Welcome to the Trygve Lie Symposium. This year putting on the agenda one of the challenges of our time: How to combat hate speech. This is a challenge that confronts us all and where we all have a responsibility.
Let me start with an example from my own country: For two consecutive summers we have witnessed a heated debate against one minority in Europe, namely the Roma people. There are very few Roma people living in Norway. But in the summertime some few thousands tend to visit. But yet in the midst of our rich and democratic society, people were tempted to express themselves in a way that I would characterize as hate speech attacks and even attacks on a minority.
Most countries in Europe face challenges with Roma people and other minorities. In the rest of the world we know that other minorities are under pressure.
Hate speech is not new. But greater access to Internet and increasing use of social media are making hate speech more visible and easier to spread.
Hate speech varies in intensity and is targeted at different groups like the Rom minorities, immigrants, persons with disabilities and lesbian, gay, bisexual and transgender (LGBT) persons. In Europe, we have seen how a group that includes more than half the population – namely women - are often subjected to this kind of harassment. This is particularly the case for those who take part in the public debate. My impression is that hate speech against women is often overlooked.
Hate speech constitutes a double threat: a threat to human dignity and individual security; and a threat to society as a whole. Hate speech discourages people from taking part in the public debate. It fuels intolerance. And in the most extreme cases incites violence. This became evident in my own country, Norway, on 22 July 2011.
Take this as a background for today’s debate and how we can find common and new ways to combat hate speech.
The limits to freedom of speech
Combating hate speech presents us with a difficult dilemma.
Freedom of expression includes the right to make statements that could offend, shock or disturb. But the freedom of speech does not include the right to harass, threaten or persecute others. Striking this balance between lawful and unlawful expressions is a difficult task. Hence, we must continuously discuss where to draw the line.
I believe that the threshold for limiting freedom of speech must be very high. The right to freedom of expression can and should be restricted only in extreme cases, such as incitement to hatred and violence.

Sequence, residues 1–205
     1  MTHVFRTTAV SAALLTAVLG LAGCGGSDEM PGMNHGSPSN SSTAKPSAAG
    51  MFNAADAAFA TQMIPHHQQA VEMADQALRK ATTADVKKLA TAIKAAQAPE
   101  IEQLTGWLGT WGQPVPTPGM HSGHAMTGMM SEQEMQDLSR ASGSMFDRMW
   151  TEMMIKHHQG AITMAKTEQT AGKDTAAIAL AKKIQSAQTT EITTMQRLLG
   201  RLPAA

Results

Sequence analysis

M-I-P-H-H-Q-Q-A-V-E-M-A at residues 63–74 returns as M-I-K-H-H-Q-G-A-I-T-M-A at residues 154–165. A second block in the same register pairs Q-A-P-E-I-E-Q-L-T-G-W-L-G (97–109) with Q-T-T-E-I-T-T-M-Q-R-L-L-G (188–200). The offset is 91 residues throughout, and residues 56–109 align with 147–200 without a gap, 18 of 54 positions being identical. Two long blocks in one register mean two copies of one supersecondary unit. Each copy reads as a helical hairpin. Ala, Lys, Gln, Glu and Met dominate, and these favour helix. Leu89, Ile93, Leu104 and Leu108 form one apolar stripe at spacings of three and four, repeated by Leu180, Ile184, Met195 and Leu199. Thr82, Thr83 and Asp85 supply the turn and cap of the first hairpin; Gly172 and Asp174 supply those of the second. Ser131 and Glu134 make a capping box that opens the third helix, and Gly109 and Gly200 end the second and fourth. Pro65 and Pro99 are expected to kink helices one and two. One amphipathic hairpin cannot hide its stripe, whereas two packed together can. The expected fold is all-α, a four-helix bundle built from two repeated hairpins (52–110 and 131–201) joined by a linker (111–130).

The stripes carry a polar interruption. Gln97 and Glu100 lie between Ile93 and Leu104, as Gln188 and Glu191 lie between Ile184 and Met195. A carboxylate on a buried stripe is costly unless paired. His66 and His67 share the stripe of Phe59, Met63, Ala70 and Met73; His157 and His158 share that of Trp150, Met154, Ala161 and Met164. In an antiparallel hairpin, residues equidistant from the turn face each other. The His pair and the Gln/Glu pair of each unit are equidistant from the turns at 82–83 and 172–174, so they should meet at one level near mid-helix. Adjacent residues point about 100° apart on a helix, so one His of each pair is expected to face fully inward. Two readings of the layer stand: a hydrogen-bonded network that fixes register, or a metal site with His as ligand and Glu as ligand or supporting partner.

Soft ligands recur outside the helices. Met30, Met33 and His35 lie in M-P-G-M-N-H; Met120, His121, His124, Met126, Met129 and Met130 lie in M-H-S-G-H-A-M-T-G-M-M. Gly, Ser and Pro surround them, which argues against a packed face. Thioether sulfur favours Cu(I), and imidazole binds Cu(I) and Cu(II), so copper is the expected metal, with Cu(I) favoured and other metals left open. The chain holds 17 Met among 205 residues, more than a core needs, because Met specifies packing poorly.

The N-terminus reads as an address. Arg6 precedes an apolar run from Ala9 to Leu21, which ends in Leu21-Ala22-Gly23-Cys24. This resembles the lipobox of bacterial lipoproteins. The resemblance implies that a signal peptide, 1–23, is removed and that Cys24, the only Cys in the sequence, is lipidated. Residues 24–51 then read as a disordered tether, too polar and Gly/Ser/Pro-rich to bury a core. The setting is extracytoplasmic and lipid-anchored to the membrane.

Suppressing, one of our most fundamental freedoms, is not the best way of responding to hate speech. On the contrary: The best way to answer hate speech is more speech.
How can we jointly combat hate speech?
We need to identify other ways of combating hate speech. What tools do we have at hand? What is our collective responsibility? In short, what can each of us do?
As foreign minister, I can make sure that the issue of hate speech has a prominent place on the international agenda. I can work to broaden the global commitment through my dialogue with international colleagues, and in my speeches and in debates, and in my active engagement on Twitter and other social media platforms. I can promote exchange of information and contribute to policy development.
As a public figure and a politician, I can speak out against manifestations of intolerance. I can also refrain from making discriminatory statements myself and lead by example.
Other key actors, such as journalists, editors, social media providers, bloggers and civil society organisations, must find their own approaches and responses.
The purpose of this symposium is to provide a forum for discussion and stimulate concrete ideas on how we can come to terms with hate speech.
I am therefore pleased to welcome such a distinguished set of panellists. They include a cross-section of civil society activists, media representatives, experts and government representatives at the highest level, and are imminently qualified to discuss the issue at hand.